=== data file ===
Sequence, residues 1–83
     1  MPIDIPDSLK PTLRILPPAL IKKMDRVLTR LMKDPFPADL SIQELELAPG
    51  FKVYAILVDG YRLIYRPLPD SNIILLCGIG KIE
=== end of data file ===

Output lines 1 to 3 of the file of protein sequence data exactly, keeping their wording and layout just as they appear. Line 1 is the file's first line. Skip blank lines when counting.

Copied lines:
Sequence, residues 1–83
     1  MPIDIPDSLK PTLRILPPAL IKKMDRVLTR LMKDPFPADL SIQELELAPG
    51  FKVYAILVDG YRLIYRPLPD SNIILLCGIG KIE